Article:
Salt plays an important role in winter road and sidewalk safety. It helps to melt ice and add traction to a lot of important surfaces. Unfortunately, it also means that salt and other chemical treatments can easily adhere to the bottom of shoes and boots, which tracks salt straight into your building.
You might not even notice the salt on your floors when they are slightly wet from the gently melting snow. Though when the floors completely dry you are left with ugly salt spots and a floor that looks gritty and dirty.
Of course, salt on the floors isn’t just an esthetic nuisance. Left unaddressed salt on the floors can easily spread further and further into the building causing subtle yet profound damage to a wide range of surfaces.
How Does Salt Damage Floors & Concrete?
Most commercial properties experience heavy foot traffic in entryways and main hallways and commons areas. Salt is a rock and technically a crystal, which means it has microscopically sharp surfaces. When these crystalline edges are forced and ground under the soles of a boot or shoe it can start to scratch and scrape the finish. In some cases, the abrasive salt can be just as damaging to your floors as rubbing a medium grit sandpaper on them.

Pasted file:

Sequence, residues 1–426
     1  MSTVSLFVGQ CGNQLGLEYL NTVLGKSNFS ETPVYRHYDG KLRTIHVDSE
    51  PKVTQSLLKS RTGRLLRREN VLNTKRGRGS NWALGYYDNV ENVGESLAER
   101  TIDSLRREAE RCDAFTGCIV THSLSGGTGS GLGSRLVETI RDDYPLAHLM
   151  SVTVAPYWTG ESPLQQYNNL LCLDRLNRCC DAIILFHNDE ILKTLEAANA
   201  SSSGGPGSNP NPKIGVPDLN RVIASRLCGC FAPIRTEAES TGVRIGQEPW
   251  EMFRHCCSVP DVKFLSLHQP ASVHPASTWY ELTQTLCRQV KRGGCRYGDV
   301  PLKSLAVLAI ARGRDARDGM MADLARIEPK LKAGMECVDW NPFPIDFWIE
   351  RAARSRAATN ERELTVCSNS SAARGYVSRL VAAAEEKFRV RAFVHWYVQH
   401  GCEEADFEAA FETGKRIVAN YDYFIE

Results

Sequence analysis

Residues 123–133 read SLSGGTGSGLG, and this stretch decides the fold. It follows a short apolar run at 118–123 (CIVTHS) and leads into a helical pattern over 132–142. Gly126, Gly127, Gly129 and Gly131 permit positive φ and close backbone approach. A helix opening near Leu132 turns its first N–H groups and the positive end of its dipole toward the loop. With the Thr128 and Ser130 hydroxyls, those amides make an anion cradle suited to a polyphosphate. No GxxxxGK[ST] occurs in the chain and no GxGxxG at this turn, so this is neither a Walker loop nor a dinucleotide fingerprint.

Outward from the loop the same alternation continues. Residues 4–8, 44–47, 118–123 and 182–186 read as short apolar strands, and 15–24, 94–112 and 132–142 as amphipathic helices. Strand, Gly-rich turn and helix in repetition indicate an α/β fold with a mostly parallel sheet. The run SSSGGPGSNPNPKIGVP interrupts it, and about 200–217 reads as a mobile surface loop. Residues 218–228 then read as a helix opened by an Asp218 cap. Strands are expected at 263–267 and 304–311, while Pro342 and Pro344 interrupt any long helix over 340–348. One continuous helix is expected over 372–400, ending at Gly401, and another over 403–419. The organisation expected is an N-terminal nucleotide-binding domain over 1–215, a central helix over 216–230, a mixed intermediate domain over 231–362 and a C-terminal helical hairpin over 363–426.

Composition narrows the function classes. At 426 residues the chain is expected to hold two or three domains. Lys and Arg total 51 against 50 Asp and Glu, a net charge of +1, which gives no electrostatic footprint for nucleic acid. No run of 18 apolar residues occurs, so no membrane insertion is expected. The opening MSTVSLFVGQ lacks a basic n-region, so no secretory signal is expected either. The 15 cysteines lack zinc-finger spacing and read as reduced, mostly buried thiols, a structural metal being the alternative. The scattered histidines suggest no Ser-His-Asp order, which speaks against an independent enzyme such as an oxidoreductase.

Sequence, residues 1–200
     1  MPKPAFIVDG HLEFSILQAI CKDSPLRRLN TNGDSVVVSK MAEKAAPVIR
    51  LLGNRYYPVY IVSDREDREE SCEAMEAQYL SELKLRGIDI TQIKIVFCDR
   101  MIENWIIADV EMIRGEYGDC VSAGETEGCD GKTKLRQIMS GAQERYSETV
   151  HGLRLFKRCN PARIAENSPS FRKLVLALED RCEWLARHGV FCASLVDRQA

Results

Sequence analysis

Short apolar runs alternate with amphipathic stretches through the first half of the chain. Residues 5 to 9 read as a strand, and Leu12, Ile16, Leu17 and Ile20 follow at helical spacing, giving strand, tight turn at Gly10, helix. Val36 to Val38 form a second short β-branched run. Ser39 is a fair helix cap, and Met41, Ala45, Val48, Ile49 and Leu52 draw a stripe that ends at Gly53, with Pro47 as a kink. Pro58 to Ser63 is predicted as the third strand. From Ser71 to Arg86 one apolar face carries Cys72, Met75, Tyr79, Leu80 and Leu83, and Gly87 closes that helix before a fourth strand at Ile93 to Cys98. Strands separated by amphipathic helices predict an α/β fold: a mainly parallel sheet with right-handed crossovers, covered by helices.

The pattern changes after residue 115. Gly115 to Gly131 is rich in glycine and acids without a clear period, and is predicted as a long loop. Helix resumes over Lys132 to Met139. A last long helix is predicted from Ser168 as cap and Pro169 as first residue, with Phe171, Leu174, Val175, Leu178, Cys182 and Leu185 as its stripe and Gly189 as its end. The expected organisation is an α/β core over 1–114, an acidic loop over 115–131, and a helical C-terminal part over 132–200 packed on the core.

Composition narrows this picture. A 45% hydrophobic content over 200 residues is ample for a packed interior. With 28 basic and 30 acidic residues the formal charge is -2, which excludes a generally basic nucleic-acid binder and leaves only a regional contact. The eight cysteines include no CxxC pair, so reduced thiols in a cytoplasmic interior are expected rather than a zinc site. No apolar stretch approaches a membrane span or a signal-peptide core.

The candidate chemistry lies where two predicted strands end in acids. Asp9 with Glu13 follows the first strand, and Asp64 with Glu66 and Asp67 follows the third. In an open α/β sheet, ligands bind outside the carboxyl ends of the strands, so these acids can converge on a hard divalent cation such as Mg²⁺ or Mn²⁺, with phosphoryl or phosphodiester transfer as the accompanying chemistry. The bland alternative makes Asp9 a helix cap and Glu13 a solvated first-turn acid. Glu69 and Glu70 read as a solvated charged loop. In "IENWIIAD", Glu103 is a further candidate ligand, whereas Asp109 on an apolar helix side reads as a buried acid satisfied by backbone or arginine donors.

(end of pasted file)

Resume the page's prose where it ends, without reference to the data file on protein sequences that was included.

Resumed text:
Can Salt Damage Carpet?
The impact of salt on carpeting might not be as immediately obvious as it is on concrete and other hard floors. Though its presence can be just as much if not more damaging. While salt on the upper fibers of a carpet can usually be vacuumed away, a carpet that goes too long without a good deep cleaning will start to develop salt problems deeper down in the lower layers of the pile where most consumer-grade vacuum cleaners can reach.
As time goes on the abrasive salt crystals can start to damage the deep fibers and the base layer of the carpet. This can cause bare spots and dull-looking carpet that never quite seems to come clean. Over time the carpet can even start to develop holes or suffer premature wear-and-tear from heavy foot traffic.
Different Types Of Winter Salt